- If pirates can see cargo ships over these distances, why wouldn't the cargo ships be able to see those pirate ships. Remember, they'll have to burn towards the cargo ship after spotting it. That would give the cargo ship plenty of warning (and time to start increasing their own speed). I mean it's not like pirate ships can just sit next to "shipping lanes" and wait. (There's no sitting in space. There's only falling around the Sun, planets, moons, etc.) The only way to stay in a lane is to actually travel along its orbital path. What's worse, the paths cargo ships must take change as the planets orbit the Sun. Even worse than that, the lane for any given orbital configuration is highly speed dependent. That means one ship traveling at 950 km/s would have a vastly different "shipping lane" from a ship traveling at 1300 km/s. So, there's no easy way for a pirate to travel along a shipping lane at a slower pace and wait for other ships to catch up.
If a ship requires no power to stay at 1000 km/s, of course it can maneuver at that speed. You have to define what kind of course correction constitutes "successful". Success is only a matter of warning time and a ship's ability to accelerate. If you're saying that these ships are able to detect obstacles with enough lead time to briefly use their engines for course corrections, then you've already answered your own question.
Question: Could our astronaut survive two hours of space flight (a run of 7,200,000 Km or 180X the circumference of the Earth) inside the asteroid belt without dying from the maneuvers necessary to avoid impacts?
Given that the odds of needing to maneuver are nearly non-existent, the astronaut wouldn't have to worry. However, even when maneuvers are needed, unless you've somehow accidentally ended up right on top of a planet, minor nudges are all that will be required.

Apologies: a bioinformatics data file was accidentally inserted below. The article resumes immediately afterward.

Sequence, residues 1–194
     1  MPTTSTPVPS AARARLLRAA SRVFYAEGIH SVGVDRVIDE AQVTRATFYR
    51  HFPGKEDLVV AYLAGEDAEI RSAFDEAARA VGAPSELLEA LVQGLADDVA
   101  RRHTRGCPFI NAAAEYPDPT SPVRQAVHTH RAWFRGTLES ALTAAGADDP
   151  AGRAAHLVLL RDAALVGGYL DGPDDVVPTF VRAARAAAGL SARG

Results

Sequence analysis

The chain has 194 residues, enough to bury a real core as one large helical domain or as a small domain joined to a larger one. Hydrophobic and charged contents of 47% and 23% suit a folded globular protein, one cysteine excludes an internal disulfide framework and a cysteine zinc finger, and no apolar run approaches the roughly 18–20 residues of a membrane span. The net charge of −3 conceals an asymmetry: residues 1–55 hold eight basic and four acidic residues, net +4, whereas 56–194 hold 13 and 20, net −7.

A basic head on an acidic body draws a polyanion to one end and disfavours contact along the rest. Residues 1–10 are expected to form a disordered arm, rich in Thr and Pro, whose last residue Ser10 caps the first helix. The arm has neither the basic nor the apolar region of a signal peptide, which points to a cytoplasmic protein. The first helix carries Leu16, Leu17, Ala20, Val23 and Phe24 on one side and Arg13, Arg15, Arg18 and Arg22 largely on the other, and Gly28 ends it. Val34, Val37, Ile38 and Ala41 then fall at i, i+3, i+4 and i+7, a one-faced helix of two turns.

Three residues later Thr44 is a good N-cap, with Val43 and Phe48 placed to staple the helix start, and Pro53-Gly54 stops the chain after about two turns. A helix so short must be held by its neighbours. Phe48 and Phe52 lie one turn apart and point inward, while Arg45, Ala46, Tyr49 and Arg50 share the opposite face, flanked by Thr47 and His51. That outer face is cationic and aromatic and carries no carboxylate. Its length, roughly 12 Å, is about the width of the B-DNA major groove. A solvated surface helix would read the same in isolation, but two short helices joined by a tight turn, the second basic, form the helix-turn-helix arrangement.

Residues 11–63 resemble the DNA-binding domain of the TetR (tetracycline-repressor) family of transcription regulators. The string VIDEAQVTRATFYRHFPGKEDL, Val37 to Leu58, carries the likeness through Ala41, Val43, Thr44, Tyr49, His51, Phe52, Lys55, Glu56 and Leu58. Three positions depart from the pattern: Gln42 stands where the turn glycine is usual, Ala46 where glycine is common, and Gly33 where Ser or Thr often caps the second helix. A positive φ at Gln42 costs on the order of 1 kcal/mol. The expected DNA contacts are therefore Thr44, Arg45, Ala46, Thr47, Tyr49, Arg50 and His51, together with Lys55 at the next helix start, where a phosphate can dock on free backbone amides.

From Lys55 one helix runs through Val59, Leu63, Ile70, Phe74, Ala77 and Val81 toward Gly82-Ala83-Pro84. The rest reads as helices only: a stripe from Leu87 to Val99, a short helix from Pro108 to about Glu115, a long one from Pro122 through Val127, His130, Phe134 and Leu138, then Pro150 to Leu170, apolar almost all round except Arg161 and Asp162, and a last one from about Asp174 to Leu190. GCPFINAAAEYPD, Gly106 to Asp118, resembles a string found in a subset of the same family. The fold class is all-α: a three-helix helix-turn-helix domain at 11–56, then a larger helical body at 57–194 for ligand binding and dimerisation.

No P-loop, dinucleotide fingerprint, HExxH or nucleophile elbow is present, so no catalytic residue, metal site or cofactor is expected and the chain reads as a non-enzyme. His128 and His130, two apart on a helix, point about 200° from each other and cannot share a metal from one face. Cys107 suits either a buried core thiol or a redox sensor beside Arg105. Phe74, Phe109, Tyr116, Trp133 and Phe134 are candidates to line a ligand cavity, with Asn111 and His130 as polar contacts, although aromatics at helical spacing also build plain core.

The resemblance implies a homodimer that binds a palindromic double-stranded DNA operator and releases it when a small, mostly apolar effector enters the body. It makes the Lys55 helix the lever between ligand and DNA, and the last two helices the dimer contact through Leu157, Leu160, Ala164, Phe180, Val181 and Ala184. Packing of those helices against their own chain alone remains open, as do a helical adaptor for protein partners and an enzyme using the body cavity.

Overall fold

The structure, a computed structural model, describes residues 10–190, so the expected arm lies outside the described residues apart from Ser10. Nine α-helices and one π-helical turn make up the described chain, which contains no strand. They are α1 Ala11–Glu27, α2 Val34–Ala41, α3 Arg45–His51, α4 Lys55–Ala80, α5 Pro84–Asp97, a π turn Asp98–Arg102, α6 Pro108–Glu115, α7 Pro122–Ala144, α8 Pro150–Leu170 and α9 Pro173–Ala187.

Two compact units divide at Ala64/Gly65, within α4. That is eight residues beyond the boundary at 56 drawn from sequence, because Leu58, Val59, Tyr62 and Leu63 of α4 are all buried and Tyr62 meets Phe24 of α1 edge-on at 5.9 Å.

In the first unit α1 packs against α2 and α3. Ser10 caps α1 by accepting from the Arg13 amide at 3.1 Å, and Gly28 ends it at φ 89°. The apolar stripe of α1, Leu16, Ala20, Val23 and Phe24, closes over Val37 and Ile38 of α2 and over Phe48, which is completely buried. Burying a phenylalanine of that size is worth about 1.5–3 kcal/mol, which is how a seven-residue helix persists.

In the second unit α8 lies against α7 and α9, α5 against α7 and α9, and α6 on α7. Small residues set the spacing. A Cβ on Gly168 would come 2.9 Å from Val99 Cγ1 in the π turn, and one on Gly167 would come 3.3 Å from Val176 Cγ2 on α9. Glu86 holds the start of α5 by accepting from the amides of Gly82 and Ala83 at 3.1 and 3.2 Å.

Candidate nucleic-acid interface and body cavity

After two hours the pirates make a mistake, take an impact dead center of the windshield, and due to the force of explosive decompression, find themselves hurtling deeper into the belt like little human torpedoes. Our hero can slow down and avoid all future impacts.
Maybe you want to set this in Saturn's rings? That is the only location in the Solar System with the kind of debris density you're imagining. Of course, you'd have to find a reason for two ships to want to stay inside the rings for so long.
I'm sorry. I don't mean to rip holes throughout your entire idea. Things in space just don't work like things on Earth. If you want input based on the facts, than the fact is that most traditional forms of conflict don't work in space.
- Fuel dictates travel speed, not travel distance.
- The speeds you can get up to and slow down from determine what destinations you can travel to.
- The visitability of destinations (for your speed capabilities) depends on orbit and mass.
- Space is big and bumping into people or things is hard.
- If you are close enough to see other people, everyone can see everyone else.
- Running after ships (or running away) is like shooting a gun. You can have a significant effect in the short term, but you can't do it for very long. In the case of space ships, you'll run out of fuel.
- Etc, etc.